Press previews kicked off on Monday for the Detroit Auto Show, and it’s no overstatement to say that the American car industry is feeling very good about itself.
The energy in the Motor City is unlike anything I’ve seen in over a decade of writing about the car business.
But even though the US auto market set a sales record in 2015, the vibe isn’t one of overconfidence. But there is a strong sense of self assurance.
At General Motors credit goes to something unfamiliar for the automaker.
“We have total leadership alignment in the company,” vice-president Mark Reuss — the number two guy with CEO Mary Barra and the executive responsible for guiding GM’s vehicle development — told Business Insider in an interview from the show floor.
You might ask why this is a such a big deal. It’s because GM’s history hasn’t always been one of its executives getting along. GM is a gathering of car divisions — now Chevy, Cadillac, GMC and Buick, but once many more — and those divisions and their leaders have often detrimentally competed again each other.
Not these days, Reuss says.
“We all like each other and totally respect each other,” he said. “Silos are a bad construct,” he added, referring to GM’s past tendency to function as a group of warring fiefdoms.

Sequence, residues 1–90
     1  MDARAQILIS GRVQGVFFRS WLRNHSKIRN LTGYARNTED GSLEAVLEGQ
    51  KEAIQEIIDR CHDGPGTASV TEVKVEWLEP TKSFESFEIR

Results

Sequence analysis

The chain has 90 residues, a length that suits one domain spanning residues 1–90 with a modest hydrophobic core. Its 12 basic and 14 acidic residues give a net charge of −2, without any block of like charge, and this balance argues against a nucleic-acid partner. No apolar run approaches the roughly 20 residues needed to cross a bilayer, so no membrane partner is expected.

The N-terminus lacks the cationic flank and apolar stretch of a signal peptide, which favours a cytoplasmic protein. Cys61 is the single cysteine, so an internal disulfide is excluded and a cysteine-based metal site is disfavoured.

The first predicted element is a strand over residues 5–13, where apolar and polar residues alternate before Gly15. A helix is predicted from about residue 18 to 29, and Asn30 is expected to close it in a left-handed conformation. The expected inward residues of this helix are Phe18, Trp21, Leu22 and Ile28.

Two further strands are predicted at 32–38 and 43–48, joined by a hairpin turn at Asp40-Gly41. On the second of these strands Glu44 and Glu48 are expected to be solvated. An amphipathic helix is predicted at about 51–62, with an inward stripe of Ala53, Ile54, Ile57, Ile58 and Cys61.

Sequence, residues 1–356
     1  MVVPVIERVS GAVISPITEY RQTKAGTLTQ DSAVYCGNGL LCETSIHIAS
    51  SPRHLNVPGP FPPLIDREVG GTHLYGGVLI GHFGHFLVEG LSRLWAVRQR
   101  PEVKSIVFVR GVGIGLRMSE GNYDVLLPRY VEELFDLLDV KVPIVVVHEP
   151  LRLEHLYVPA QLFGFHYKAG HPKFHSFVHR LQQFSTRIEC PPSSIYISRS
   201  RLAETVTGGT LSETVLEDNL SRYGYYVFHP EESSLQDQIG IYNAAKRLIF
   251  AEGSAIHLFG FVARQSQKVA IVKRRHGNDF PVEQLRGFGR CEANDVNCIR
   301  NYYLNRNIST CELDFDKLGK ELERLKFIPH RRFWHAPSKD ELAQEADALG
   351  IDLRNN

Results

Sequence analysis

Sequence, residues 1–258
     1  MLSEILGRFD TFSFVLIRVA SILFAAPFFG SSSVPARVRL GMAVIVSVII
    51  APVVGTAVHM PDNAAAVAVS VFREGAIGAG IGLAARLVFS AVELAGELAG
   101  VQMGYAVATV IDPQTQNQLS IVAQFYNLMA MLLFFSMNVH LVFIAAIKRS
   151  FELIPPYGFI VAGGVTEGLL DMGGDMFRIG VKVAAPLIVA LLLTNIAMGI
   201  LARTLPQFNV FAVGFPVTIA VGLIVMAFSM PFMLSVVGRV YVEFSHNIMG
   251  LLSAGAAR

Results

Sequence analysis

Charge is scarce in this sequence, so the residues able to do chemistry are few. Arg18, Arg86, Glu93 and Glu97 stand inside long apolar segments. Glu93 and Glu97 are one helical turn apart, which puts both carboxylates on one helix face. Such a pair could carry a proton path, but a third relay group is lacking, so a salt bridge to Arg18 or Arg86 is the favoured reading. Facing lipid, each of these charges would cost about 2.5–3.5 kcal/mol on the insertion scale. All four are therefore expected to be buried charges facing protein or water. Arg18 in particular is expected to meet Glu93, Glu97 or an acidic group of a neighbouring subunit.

Reuss, Barra, and the rest of GM’s top executive team took over at a deeply challenging point in the company’s history. The bailouts and bankruptcy of 2009 were a fresh memory, GM had shed weak brands such as Pontiac and Hummer, and the car maker has just been hit with a massive ignition-switch recall for a pervasive technical flaw in millions vehicles that led to hundred of deaths.
It was trial by fire, but GM worked through the crises and maintained its cadence of new product introductions, culminating with the official rollout of the Chevy Bolt EV at CES in Las Vegas last week.
“For the first time in my career, there isn’t a car out there that I wouldn’t recommend,” Reuss said of the lineup of cars, trucks, SUVs, and crossovers that GM has at the Detroit show.
And it isn’t just multiple versions of the same vehicles — the dreaded consequence of “platform engineering” and something GM has been accused of in the past.
“Our brands are as different from each other as they have even been,” he said.
For GM, the Detroit Auto Show hasn’t always been an occasion to celebrate since 2009.
But for Ruess, it clearly is now.
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